Regarding gender patterns, women’s desire to have a functioning wardrobe can also be understood as expressing that fashion and clothes were perceived to be a problem area by them, that women feel more pressure to dress according to normative ideals. Women have in relation to consumption often been understood as irrational and that they cannot control themselves (Abelson 1989), but on the contrary, the diaries indicate that women’s relationship with clothing disclose a careful calculation of what is needed to pass as a woman.
Conclusion: Increased awareness of oneself as a consumer can lead to change
Clothing has many different meanings in our lives, it is not possible to simply say what we need and what is unnecessary. In order to change toward more sustainable practices of dressing and shopping we need to understand why people shop, what dressing means to them and what functions it fills in their lives. Different motivations were used by the writers to explain why they did or did not shop and what garments they kept, and why, in their wardrobes. These motivations ranged from sustainability, to storing memories, to gender, to body ideals, and to interests.
A central aspect of fashion is change. Several of the diary writers described how they bought clothes with the idea of changing their way of dressing, but often it did not happen and the garment was just left hanging in the wardrobe. There was often a relationship between changing one’s wardrobe and changing one’s life, whether to more sustainable consumption, or to looking better and more stylish or getting a better job or a more interesting life in general. And very often the diary writers expressed dual emotions, or even guilt regarding all these aspects of change, aspects that says something significant about how important clothes are for perceptions of the self, of feelings of being in control of one’s life or of making a good life, or perhaps of the dream of deserving the good life.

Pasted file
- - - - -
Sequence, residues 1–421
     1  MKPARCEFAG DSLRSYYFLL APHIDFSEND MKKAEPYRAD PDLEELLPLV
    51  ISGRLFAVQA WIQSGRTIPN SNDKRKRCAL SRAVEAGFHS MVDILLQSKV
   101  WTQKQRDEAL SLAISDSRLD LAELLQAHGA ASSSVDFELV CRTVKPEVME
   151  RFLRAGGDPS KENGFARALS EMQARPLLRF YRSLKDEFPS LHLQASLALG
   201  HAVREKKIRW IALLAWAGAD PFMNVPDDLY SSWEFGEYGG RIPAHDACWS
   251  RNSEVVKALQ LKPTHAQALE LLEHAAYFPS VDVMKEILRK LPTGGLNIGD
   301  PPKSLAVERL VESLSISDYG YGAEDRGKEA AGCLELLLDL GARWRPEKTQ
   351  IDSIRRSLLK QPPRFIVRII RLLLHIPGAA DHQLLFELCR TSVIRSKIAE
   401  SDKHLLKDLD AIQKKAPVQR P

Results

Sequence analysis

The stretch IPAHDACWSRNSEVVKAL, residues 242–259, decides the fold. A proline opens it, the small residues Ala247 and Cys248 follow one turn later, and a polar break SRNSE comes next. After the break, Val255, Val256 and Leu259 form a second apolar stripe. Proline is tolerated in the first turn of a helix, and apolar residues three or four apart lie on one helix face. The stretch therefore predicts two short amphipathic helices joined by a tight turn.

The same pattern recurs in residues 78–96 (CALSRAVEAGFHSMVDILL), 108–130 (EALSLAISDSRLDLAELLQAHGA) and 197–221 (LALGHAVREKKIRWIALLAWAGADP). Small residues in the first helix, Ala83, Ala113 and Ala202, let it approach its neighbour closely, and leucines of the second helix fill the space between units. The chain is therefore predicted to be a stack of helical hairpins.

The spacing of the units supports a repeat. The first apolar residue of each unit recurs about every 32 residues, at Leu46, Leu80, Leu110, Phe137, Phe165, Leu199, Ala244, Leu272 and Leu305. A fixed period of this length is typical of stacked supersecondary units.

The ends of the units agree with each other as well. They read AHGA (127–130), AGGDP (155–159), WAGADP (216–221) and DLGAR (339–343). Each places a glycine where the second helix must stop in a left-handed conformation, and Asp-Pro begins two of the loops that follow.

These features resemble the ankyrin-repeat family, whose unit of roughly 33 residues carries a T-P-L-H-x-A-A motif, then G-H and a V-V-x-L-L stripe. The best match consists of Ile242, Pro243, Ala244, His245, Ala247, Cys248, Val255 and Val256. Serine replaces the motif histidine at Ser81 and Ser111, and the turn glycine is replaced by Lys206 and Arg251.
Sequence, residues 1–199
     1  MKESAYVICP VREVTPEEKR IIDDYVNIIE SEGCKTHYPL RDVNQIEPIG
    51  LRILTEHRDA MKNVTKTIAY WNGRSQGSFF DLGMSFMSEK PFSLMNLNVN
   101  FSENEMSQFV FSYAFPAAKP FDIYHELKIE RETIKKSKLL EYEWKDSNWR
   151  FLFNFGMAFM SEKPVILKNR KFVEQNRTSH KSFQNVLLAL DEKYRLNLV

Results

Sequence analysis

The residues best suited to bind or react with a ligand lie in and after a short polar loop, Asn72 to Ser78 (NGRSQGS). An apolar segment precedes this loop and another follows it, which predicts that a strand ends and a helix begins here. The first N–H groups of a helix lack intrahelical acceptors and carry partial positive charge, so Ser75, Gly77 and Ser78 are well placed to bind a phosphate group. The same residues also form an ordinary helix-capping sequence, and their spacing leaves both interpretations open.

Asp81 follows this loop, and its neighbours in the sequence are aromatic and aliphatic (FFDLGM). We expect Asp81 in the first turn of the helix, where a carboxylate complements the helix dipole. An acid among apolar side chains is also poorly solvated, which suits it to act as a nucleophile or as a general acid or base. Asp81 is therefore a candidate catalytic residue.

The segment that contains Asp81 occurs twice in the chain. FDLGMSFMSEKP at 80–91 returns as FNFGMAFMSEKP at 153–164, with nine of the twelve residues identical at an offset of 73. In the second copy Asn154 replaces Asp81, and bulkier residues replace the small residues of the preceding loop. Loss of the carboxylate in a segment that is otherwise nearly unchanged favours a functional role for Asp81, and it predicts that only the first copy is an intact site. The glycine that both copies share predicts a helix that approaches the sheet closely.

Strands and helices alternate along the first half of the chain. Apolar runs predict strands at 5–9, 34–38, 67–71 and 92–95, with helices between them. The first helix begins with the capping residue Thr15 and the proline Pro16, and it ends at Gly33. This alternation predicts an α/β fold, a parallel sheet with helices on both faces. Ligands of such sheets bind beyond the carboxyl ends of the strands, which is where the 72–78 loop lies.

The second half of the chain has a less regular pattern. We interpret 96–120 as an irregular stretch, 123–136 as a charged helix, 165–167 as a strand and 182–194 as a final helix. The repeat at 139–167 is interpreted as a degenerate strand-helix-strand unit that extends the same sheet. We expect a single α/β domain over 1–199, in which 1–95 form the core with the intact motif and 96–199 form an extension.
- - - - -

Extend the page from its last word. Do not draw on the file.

The fashion industry tells us that desire for change has to do with purchase of novelty, which for many people clashes with the concept of sustainable consumption. In the context of the diaries, change is also a prominent metaphor, however particularly so regarding change towards a more sustainable lifestyle, or a more sustainable way of life, or even a better life. This is a kind of change that involves other strategies than merely buying new garments, strategies that instead promotes a better composed wardrobe and better use and reuse of clothing.
We believe that an increased awareness of oneself as a consumer in a society based on consumption has good potential to lead to change.
The relation to the self, or a logic to dress stylishly and realize oneself with the aid of the exterior, were common. There is a large focus on the exterior in our time, a great expectation that the exterior says something about who we are. This relationship was described by some as fun. Others thought of the same as problematic and could not make sense of it. Often dressing did not turn out as hoped. Thus, clothing and fashion can be interpreted as ambivalent phenomena.
We believe that an increased awareness of oneself as a consumer in a society based on consumption has good potential to lead to change. As a consequence we might even reach closer to resolving the paradox of sustainable fashion. That is, if political leaders and the fashion industry show sensitivity to consumer demands and create new business models.
Brembeck, Helene 2015. “Nostalgi som affektivt redskap på vintage- och retromarknaden. Kulturella perspektiv, nr 3-4, 2015
Hedtjärn Wester, Anna 2010. Män i kostym. Prinsar konstnärer och tegelbärare vid sekelskiftet 1900. Stockholm: Nordiska museets förlag.
Petersson McIntyre, Magdalena (2013). ”Perfume packaging, seduction and gender”. Culture Unbound. Journal of Current Cultural Research, vol 5, s. 291-311.